long start = DateTime.Now.Ticks;

  // Assert the initial facts
  foreach ( object fact in this.inputObjects)
  {
    ruleEngine.Assert( fact );
  }

  // Run the test
  ruleEngine.Execute();

  // Retract the facts from working memory
  foreach ( object fact in this.inputObjects)
  {
    ruleEngine.Retract( fact );
  }

  // Stop measuring elapsed time
  long end = DateTime.Now.Ticks;

  // Convert ticks to milliseconds
  timeTotal += Convert.ToInt64(
             new System.TimeSpan(end).TotalMilliseconds
           - new System.TimeSpan(start).TotalMilliseconds);
}

Note that the Microsoft BRE code contains additional logic to convert ‘ticks’ (100-nanosecond intervals) into milliseconds (yes, I know I could have simply divided by 10,000, but this is the ‘approved’ approach).

For any Microsoft Rule Engine users reading this, it may be worth recording that the approach taken here proved about 15% more optimal than using the Execute method of the Policy class.

Each test run for each engine tested a rule set of a given size. The code performed an initial four executions in order to ensure the engine was ‘warmed up’. This was probably unnecessary, but is generally good practice in this kind of testing. Thereafter, a further ten executions were performed against the single rule set, and the average elapsed time was measured and recorded. This was repeated for 10 different rule sets ranging from 1,000 to 10,000 rules. The entire test was then repeated ten times, and the average result for each rule set was calculated to provide the final result. Hence, each rule set was executed a total of 100 times

Rules and Facts

The rule sets were generated to contain a given number of simple tests. Each rule followed the same pattern, as follows:

  • Jess

(defrule rule0
    (theFact1 ( value 0))
    =>
    (call solidsoft.jess.example.simplerule.TestFact1 logResult 0)
)

  • Drools

<rule name='is0'>
    <parameter identifier='theFact1'><class>TestFact1</class></parameter>
    <java:condition>theFact1.getValue() == 0</java:condition>
    <java:consequence>
        theFact1.logResult( 0 );
    </java:consequence>
</rule>

  • Microsoft BRE

<rule name="rule0" priority="0" active="true">
  <if>
    <compare operator="equal">
      <lhs>
        <function>
          <classmember classref="theFact1" member="get_Value" 
                       sideeffects="false" />
        </function>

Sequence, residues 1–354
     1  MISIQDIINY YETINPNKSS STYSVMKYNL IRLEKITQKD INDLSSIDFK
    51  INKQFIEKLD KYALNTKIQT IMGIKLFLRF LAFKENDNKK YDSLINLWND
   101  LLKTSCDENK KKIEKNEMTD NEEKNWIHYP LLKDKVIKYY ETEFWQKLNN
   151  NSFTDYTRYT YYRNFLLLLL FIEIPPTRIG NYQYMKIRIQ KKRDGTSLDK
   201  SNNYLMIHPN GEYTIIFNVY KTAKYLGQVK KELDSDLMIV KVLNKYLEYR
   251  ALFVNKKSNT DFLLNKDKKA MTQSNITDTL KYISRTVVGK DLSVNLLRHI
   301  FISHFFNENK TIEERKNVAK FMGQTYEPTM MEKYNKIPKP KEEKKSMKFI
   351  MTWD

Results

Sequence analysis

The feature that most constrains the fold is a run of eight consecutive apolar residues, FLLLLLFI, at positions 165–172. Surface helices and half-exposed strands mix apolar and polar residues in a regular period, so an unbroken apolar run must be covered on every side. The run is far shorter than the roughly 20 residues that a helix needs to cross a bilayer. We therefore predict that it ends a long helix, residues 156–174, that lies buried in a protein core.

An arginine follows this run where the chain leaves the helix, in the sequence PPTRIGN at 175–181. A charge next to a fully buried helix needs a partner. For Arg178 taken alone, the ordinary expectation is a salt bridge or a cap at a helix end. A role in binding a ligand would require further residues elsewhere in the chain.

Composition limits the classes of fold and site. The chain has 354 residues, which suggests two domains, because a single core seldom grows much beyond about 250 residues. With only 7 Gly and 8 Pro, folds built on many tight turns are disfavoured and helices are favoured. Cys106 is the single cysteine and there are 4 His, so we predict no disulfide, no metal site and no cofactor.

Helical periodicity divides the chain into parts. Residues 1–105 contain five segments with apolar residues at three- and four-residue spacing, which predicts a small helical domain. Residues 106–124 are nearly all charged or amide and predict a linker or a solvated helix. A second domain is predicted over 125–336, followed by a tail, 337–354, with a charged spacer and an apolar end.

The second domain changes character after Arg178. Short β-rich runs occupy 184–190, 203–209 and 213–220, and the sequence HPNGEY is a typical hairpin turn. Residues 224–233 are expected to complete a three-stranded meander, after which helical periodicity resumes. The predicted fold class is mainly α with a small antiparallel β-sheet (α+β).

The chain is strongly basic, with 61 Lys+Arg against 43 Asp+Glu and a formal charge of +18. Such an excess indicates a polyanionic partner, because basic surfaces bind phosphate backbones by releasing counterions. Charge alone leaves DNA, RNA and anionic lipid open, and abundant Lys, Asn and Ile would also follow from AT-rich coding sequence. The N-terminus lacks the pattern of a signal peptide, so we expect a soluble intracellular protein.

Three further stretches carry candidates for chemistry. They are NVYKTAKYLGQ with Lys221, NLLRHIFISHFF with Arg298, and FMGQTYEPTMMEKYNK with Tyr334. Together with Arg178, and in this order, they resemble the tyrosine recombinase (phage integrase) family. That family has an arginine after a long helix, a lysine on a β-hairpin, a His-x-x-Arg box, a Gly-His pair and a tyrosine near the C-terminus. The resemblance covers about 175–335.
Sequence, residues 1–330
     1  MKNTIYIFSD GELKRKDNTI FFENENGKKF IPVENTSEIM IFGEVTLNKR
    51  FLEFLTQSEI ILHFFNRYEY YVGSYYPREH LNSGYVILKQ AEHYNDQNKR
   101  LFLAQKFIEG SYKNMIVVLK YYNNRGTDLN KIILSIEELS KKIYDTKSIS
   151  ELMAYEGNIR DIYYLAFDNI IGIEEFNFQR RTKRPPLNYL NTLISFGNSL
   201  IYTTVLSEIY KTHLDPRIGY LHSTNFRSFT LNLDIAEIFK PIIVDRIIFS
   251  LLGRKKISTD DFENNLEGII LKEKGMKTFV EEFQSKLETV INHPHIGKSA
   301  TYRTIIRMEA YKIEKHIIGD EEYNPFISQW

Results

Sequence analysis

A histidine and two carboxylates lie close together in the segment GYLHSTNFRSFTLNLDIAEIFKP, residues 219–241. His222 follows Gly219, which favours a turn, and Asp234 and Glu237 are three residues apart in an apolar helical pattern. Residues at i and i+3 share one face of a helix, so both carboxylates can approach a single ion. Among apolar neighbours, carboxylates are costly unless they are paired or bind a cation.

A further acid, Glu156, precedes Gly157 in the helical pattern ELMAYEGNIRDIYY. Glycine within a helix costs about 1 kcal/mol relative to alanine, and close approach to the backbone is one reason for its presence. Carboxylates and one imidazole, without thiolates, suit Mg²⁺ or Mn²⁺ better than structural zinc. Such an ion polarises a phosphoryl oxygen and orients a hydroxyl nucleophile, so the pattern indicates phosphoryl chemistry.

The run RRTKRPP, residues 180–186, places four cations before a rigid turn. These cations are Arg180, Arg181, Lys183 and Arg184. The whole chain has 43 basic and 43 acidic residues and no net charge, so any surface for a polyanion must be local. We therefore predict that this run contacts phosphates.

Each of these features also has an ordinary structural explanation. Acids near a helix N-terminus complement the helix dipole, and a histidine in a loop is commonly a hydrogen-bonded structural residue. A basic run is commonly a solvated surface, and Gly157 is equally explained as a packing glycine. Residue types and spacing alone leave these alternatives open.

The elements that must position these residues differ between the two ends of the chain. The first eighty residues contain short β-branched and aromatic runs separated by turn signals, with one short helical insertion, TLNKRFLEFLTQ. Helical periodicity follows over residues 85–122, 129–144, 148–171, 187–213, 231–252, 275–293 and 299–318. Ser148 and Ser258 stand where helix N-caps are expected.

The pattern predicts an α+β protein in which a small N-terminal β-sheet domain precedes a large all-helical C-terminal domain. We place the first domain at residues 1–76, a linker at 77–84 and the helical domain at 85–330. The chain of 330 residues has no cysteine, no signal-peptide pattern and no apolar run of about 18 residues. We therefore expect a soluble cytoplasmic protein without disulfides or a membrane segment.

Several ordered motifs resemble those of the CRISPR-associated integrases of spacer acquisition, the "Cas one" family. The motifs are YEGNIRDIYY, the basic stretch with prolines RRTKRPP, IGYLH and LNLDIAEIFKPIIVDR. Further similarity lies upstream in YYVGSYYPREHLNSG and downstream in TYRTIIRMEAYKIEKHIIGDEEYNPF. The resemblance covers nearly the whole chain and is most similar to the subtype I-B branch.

</lhs>
      <rhs>
        <constant>
          <int>0</int>
        </constant>
      </rhs>
    </compare>
  </if>
  <then>
    <function>
      <classmember classref="theFact1" member="LogResult" 
                   sideeffects="true">
        <argument>
          <constant>
            <int>0</int>
          </constant>
        </argument>
      </classmember>
    </function>
  </then>
</rule>

The rule shown above can be expressed as follows:

If ( theFact1.getValue == 0 ) Then theFact1.logResult( 0 );

…where theFact1 is an instance of TestFact1

The constant value used in the condition was incremented by one for each generated rule.

Note that for the Microsoft BRE, the sideeffects flag as been set to ‘false’ within the condition. This was done in order to ensure that the three tests more closely corresponded. The side effects feature has been the subject of some discussion between Peter Lin and myself, and Peter makes some good points with regards to its lack of safety. Interestingly, switching side effects off for facts expressed as .NET objects proved to be a significant optimisation.

Five fact classes were created (TestFact1, TestFact2, etc). The generated rule set selected one of the five classes in each rule, with each class used in a round-robin fashion across the rule set (i.e., rule 0 used TestFact1, rule 1 used TestFact2, etc, with rule 5 using TestFact1 and starting a new ‘round’).

The logResult() method did nothing. Originally it logged a message to a text file. This additional work made no difference to the overall scalability comparisons, but constituted additional work which I removed in order to simplify the test as much as I could.

A .dat file was created to define 100 facts for initial assertion to the engine. An extract is shown below